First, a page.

Dear, guys – welcome back to Letters From Liz!
Happy New Year, Letter Readers! Here’s to the start of a new year, a new decade, new memories, and new content for the blog! I hope that this year I am able to bring you guys content that is fresh, new, inspiring, and innovative!
Although there are positives of a new year starting up, it’s not always the greatest thing for me. I’m not negative about a new year, nor am I this negative Nancy-all-bitter-and-nasty about the celebrations of a new year, it’s just that during this time of the year, I have to take extra care of my mental health.
So, here is this month’s installment of:
When I was younger, my family and I would always go out for New Year’s Eve. We always had friends and family in the area, and we always went over to celebrate the countdown of a new year with them around. It was always fun; I got to dress up in a very sparkly dress and shows, I would eat good food and snacks and dance to the music playing, and right before midnight we would all gather around a watch the ball drop. It was always a holiday I enjoyed when I was younger, but as the years passed on and I got older, New Year’s Eve became this holiday I wasn’t looking forward to.
New Year’s Eve, traditionally, is a time of celebration, going out with friends and family, drinking. I truly believe everyone gets New Year’s Day off because we all need the extra day to cure the hangovers of all the drinking that we do on NYE. While yeah, most of us are able to go out, drink, have fun, and go into the new year as smooth as possible, it’s truly one of the hardest and anxious things to go through when alcohol and drinking isn’t a positive thing in your life.
I can only imagine every person who has an alcoholic in their family or within their friend group doesn’t have the greatest relationship with alcohol, and to have a holiday that emphasizes the usage of alcohol does nothing but get me anxious, stressed, and worrisome. As I got older and became more aware of what the drinking was doing to my family on NYE, I started to resent the holiday as a whole, and I now honestly try not to even see it as a holiday, but just another day turning into yet another day.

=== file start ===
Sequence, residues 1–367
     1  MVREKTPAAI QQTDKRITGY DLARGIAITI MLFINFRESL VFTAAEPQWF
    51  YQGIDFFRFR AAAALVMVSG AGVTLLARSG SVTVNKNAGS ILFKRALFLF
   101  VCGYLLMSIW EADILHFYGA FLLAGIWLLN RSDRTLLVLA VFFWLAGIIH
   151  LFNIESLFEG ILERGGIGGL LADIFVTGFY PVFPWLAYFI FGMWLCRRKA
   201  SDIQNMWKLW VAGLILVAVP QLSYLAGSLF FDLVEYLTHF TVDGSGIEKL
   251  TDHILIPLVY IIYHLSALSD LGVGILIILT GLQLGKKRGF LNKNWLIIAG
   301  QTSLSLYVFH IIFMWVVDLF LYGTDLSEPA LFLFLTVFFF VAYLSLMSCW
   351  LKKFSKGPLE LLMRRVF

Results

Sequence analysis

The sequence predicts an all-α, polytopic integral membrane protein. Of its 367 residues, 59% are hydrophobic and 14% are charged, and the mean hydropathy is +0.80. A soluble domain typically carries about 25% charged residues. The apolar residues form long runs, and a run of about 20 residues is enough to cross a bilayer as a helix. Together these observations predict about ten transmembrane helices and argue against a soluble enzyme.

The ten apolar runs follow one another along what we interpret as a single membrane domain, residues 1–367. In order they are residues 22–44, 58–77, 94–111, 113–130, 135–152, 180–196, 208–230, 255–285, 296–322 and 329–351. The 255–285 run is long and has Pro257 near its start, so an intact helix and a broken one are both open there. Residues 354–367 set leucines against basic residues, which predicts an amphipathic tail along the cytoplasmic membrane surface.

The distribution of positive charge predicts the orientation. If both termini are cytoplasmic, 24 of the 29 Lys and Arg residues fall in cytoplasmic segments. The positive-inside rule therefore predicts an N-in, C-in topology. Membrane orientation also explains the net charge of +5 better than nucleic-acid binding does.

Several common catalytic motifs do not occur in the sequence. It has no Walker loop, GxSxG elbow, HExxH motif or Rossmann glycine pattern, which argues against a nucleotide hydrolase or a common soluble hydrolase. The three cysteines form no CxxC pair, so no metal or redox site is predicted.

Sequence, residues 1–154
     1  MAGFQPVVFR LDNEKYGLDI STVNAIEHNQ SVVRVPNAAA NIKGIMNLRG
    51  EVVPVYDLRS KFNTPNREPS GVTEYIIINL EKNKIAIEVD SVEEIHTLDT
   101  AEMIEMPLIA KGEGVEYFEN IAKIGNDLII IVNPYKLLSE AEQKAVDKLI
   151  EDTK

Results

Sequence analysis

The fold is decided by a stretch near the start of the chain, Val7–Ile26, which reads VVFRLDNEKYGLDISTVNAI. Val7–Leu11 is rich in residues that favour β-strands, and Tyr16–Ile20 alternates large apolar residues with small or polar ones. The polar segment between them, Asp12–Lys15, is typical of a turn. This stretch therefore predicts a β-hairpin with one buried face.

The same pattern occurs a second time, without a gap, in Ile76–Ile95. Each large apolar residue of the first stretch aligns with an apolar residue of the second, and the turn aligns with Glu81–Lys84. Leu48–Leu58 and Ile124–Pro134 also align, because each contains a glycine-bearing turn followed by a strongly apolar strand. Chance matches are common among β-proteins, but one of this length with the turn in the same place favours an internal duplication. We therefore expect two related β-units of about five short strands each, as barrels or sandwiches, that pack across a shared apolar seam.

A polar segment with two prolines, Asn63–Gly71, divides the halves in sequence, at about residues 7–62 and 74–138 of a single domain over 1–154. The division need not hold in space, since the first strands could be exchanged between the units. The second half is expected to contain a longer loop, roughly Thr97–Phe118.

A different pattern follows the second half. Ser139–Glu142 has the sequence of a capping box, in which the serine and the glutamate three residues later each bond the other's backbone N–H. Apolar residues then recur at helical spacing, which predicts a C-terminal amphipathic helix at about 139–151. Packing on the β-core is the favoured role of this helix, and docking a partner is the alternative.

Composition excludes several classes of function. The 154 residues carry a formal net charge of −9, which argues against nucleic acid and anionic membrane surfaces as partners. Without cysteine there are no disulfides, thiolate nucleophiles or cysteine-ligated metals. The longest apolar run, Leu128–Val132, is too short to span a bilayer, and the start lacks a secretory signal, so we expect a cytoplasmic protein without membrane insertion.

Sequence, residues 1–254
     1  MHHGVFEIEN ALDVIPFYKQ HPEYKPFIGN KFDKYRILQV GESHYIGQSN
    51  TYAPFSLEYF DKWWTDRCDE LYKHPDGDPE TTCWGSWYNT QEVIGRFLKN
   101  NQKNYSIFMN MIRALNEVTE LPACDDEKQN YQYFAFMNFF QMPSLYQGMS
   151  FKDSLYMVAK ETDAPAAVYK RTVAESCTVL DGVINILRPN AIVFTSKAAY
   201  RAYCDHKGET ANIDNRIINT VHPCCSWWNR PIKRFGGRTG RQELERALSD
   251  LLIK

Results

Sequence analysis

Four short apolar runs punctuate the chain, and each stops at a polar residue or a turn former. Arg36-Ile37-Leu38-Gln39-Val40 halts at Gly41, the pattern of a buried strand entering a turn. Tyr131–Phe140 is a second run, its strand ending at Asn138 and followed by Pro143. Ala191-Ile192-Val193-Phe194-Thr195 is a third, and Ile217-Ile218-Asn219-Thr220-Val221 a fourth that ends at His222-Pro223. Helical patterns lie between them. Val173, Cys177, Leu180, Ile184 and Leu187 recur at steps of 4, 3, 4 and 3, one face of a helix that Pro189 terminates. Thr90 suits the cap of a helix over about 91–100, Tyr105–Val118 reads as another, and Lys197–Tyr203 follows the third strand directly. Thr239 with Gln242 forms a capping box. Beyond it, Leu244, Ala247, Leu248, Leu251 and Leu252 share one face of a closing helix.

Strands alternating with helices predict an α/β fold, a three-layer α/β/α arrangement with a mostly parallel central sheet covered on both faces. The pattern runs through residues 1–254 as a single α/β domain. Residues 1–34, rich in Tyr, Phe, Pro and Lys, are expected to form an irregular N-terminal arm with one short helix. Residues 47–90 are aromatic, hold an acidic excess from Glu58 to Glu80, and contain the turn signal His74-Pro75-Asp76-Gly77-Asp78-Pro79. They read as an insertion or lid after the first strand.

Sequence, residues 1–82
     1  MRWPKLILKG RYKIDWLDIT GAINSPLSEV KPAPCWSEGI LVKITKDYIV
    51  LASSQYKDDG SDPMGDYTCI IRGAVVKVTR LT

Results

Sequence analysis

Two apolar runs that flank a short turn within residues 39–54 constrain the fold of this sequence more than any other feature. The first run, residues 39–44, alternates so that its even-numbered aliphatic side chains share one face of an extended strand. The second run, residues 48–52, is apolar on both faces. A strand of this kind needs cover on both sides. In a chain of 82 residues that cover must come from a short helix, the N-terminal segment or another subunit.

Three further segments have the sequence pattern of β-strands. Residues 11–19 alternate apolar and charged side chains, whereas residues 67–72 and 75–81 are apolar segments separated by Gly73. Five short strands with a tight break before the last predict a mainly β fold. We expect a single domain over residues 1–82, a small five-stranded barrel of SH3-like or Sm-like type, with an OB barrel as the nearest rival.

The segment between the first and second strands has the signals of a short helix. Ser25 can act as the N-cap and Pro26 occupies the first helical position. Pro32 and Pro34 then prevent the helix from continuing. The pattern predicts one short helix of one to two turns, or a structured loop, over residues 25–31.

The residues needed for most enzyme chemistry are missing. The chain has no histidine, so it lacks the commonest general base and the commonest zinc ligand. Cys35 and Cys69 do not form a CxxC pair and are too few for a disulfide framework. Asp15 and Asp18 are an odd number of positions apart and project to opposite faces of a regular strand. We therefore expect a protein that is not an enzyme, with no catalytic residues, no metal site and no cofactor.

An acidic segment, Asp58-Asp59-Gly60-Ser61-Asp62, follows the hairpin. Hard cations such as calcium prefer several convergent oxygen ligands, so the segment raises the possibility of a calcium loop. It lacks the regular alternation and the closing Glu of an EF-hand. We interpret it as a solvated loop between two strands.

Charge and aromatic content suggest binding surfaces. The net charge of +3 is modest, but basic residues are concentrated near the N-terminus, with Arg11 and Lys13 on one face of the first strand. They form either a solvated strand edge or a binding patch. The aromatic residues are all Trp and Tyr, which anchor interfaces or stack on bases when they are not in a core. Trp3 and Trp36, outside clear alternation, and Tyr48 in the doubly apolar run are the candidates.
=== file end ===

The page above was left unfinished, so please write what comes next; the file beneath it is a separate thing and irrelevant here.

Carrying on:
While I embrace the new positives and start of a new year, I don’t believe in new year resolutions nor am I a fan of the constant “weight-loss deals” and commercials that spam your television or advertisements. For a person that has tried to lose weight every new year since forever, it’s just a constant reminder that I couldn’t do it myself, and it’s just a downer. I mean, I won’t put anyone else’s dream of weight-loss down, it just sucks that this “new year means you have to lose weight” concept bothers me.
Also, a couple of years ago, something happened on NYE with my family. I wasn’t at home when it happened, and I’m thankful that I wasn’t, but it doesn’t mean that it didn’t affect me the way that it did. I still think about it every year that NYE comes around, and it does put a damper on my mood every year, and even after trying to do things that could put a happier mood on the holiday, things just never really went as planned. So, for now, I try not to do anything for NYE and treat it as any other day. Sure, I am grateful to live to see another year and I get another opportunity for growth and such, celebrating it for one night just isn’t something I want to do.
Maybe in the future, I’ll see the holiday in a new light and actually enjoy it, but maybe I just need some extra mental health care whenever it comes around. I’m just lucky to see another year and just continue living, in all honesty.
So yesterday, I didn’t do much; I only got a wisdom tooth removed and now I’m just recovering from that. I wrote some blog posts for this anniversary celebration, I relaxed with my family; nothing major or special was done and I’m fine with that. As long as I’m taking care of myself on days like that, it’s a victory for me.